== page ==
Let's list the advantages we have just gained:
  • Independent instantiation of controllers. The Dispatcher will new only the controller actually needed (but it is the injector that will call new). Another provider can be set up for view helpers and other short-lived classes.
  • Real unit testing for controllers and view helpers: it will be easy to inject stubs and mocks in a controller since now it is forced to have setters or a unified constructor.
  • Real unit testing for the dispatcher: we can inject easily a fake Zend_Controller_Provider_Interface implementation, and test that given the right parameters it requests the chosen controller class.
Note that it is correct for shorter-lived classes to have field references to longer-lived ones. For instance the Url view helper should be injected with the current instance of the router since it needs the collaboration of something that knows all the defined routes. So one more question arises: how the problem can be solved now, given that the Zend_Controller_Provider class is created only with a Zend_Config as a parameter?
The simplest thing that can work in this case is to implement a generic Provider interface with a setInjector(Injector $longLiveInjector) method, so that when the interface is detected the original injector can create a clone of itself (that still references the created objects) and pass it to the short-lived objects provider, in this example Zend_Controller_Provider. The Provider then can add to its Injector the controller configuration instead of extending it, even favoring composition over inheritance.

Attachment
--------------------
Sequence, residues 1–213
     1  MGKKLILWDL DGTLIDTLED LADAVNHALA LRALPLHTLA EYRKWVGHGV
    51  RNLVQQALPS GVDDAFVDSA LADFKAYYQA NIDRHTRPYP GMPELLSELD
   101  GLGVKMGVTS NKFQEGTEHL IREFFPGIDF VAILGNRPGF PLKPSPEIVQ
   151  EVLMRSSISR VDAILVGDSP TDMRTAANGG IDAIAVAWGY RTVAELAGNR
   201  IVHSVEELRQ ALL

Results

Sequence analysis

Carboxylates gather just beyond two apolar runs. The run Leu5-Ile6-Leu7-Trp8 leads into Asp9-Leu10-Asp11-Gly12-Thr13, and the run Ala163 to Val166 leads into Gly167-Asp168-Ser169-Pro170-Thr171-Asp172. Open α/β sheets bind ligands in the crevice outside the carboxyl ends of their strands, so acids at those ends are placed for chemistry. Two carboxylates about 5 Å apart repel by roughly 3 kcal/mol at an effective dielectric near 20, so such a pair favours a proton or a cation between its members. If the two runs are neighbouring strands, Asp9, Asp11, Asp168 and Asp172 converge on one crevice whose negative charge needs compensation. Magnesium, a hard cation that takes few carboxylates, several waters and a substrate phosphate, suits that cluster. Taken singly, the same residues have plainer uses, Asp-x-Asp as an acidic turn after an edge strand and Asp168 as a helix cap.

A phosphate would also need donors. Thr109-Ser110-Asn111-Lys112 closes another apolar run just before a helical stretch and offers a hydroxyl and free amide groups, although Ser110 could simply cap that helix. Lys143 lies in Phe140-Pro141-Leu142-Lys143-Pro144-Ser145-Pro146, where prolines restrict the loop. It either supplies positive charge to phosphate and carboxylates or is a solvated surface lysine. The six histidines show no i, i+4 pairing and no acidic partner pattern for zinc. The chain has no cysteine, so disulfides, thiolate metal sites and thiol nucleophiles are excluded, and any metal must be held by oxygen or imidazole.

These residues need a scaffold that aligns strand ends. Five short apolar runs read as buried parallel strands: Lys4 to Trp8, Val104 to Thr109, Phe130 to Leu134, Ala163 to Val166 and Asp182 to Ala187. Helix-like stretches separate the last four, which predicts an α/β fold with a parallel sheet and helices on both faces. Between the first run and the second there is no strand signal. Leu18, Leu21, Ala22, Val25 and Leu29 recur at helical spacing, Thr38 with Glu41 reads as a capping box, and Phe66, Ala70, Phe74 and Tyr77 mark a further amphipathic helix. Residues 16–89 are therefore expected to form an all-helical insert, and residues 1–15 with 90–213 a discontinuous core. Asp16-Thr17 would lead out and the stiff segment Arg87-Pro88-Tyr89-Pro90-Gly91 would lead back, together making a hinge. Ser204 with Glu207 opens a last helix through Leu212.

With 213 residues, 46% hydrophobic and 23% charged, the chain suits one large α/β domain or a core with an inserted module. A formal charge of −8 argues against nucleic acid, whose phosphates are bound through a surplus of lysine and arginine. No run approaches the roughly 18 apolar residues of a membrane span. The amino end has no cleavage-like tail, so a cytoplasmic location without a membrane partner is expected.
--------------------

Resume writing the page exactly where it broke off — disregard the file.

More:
I'm sure production-ready DI frameworks solve all these problems and maybe other ones, since it took us only two days to figure out the theory of operations. Automated Dependency Injection is a must-have in Zend Framework 2.0 and this is a proof of concept of how it can be implemented.


Avi Block said...

I've been using DI using the Symfony DI container for some time now. It integrates smoothly into Zend_Application, transparently taking of the container.
The biggest problem is that the current interface for controller actions has a constructor in the interface (which doesn't make sense for several reasons). Even if you replace the controller instantiating code in the Dispatcher with a ControllerFactory, you can't inject any meaningful, unless you're DI container can inject into already existing objects using setter injection. I think a lot can be learned by looking at the interfaces and moving pieces in ASP.NET MVCs implementation.

Giorgio said...

The singletons elimination process is scheduled for 2.0, so there are no problems with backward compatibility breaks. The constructor signature can be deleted if needed. :)

Sebastian G. said...

The Symfony DI Component is my favourite, too.

Nice clean interface,
unit tested,
upcoming PHP 5.3 Version announced,
well documented,
easy to integrate, even in existing Zend based Projects.

At the moment, i don´t see a reason to build up a custom DI container.

Like Fabien Potencier said in on of his talks, use Zend Framework and Symfony Parts together in your projects.

It really gives you benefits...

Anonymous said...

Not bad article, but I really miss that you didn't express your opinion, but ok you just have different approach